chapter  10
12 Pages

Is inflation targeting passé?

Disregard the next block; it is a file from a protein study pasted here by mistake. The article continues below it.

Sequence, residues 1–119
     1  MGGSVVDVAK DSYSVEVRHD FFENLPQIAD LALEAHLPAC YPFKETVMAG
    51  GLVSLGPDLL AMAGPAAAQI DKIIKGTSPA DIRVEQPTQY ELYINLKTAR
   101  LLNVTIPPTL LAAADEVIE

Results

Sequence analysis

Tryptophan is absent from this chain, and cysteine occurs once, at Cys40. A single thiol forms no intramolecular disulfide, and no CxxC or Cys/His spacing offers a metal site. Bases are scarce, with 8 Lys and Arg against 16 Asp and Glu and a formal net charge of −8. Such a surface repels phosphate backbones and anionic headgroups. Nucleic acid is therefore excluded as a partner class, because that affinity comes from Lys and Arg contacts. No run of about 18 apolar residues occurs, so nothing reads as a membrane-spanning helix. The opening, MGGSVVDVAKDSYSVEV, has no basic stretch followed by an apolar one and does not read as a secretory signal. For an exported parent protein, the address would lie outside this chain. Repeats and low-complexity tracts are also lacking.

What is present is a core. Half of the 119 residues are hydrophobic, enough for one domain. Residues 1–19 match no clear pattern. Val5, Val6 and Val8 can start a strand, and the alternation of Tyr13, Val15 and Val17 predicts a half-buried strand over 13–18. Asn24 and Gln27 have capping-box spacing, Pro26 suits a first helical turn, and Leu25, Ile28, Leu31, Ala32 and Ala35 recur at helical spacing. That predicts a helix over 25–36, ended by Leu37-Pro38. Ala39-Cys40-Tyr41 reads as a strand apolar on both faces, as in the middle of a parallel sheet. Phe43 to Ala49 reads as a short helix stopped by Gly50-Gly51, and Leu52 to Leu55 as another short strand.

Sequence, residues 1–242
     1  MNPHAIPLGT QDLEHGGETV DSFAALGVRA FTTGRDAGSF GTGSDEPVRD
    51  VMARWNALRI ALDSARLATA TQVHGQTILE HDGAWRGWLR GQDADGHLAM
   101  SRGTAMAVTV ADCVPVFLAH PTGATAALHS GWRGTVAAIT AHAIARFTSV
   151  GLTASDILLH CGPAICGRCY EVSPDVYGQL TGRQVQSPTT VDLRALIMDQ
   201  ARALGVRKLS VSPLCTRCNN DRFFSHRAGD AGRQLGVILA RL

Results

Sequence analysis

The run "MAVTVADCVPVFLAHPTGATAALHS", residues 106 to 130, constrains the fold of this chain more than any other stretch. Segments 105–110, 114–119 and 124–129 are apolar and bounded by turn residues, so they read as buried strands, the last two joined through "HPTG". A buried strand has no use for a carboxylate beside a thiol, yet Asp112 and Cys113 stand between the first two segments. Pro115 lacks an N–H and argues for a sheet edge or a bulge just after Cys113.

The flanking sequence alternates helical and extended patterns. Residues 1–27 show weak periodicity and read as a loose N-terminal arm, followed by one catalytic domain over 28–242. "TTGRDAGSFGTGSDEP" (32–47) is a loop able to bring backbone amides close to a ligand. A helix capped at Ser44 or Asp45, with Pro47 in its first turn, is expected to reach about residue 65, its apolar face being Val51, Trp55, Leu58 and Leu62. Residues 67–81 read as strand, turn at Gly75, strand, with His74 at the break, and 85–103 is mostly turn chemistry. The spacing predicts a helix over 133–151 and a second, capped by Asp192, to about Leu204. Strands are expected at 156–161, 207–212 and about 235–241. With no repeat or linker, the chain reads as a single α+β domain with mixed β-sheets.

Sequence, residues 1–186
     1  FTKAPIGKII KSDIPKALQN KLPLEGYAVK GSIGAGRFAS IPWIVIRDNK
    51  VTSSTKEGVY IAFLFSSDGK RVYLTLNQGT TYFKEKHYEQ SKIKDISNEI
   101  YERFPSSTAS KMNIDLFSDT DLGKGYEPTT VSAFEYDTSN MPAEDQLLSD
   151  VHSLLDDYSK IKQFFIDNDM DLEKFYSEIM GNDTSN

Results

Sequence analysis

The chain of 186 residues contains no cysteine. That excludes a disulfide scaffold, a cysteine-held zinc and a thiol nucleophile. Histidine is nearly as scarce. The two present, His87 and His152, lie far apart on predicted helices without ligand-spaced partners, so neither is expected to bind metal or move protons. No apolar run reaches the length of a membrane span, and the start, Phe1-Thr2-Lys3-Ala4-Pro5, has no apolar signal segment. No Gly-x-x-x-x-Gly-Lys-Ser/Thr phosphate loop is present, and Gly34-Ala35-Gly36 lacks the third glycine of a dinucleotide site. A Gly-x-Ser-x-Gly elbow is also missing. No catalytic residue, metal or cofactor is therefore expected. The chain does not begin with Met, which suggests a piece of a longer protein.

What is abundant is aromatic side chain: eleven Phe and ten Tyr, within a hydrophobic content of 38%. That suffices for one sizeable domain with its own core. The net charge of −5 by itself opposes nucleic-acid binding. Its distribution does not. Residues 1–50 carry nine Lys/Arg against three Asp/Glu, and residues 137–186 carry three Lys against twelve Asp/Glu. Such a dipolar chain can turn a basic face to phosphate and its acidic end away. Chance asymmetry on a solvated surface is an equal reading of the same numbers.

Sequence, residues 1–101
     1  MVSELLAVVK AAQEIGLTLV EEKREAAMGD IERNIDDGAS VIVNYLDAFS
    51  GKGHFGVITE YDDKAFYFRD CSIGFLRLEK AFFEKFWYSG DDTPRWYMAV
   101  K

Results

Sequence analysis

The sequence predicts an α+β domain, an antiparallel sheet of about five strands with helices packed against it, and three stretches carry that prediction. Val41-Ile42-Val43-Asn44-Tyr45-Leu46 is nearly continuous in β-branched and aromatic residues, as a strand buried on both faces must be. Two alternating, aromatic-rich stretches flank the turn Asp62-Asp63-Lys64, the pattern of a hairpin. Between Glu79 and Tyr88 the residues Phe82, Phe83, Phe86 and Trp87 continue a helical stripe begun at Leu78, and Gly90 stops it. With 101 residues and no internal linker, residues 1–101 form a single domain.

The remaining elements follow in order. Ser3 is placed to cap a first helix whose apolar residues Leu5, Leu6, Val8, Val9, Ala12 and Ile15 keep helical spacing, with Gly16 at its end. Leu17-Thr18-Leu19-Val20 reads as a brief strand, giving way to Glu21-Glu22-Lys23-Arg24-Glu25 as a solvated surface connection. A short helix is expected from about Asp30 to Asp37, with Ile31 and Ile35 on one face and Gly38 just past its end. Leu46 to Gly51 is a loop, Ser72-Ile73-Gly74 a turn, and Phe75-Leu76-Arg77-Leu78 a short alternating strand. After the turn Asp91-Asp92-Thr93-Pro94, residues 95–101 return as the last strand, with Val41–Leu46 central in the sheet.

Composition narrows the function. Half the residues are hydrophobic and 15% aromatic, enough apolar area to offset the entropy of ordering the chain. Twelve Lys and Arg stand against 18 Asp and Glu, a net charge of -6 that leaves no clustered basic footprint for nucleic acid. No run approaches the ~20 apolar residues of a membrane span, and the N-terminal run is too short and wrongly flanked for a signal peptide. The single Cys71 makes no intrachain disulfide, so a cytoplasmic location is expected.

The title of Part III, “Central banking, a revolution under way?,” sounds rather provocative, since one does not normally think of central bankers as being revolutionaries. The public actually tends to view central bankers as outright conservative, if not just plain boring, although, in all fairness, they should really be described as evolutionists. Admittedly, many changes have taken place in the theory and the practice of central banking during Alexander’s long and distinguished career. I need only mention here the breakdown of the Bretton Woods system and the move from fixed to flexible exchange rates as far as the world’s major currencies are concerned; the trend towards full convertibility and the almost perfect international capital mobility; the birth of the euro; the greater independence of central banks with the emphasis on governance, transparency, and accountability; the accent on credibility and communication; the growing recognition of the responsibility of central banks in the area of financial stability; the understanding of the paramount importance of price stability and the rejection of a long-run unemployment-inflation tradeoff; the appreciation of the importance of expectations and of the implications of the rational expectations hypothesis; and, last, but not least, the adoption of inflation targeting (or flexible inflation targeting) as the favored monetary policy framework in many countries. However, most of these changes took place gradually, so it is more appropriate to talk about evolution rather than revolution. In this chapter, I will focus on just one of these changes, namely the emergence of inflation targeting as the dominant monetary policy recipe, and, in order to nonetheless retain some of the provocative flavour that Charles Wyplosz intended for this session, I will be posing the question: Is inflation targeting passé?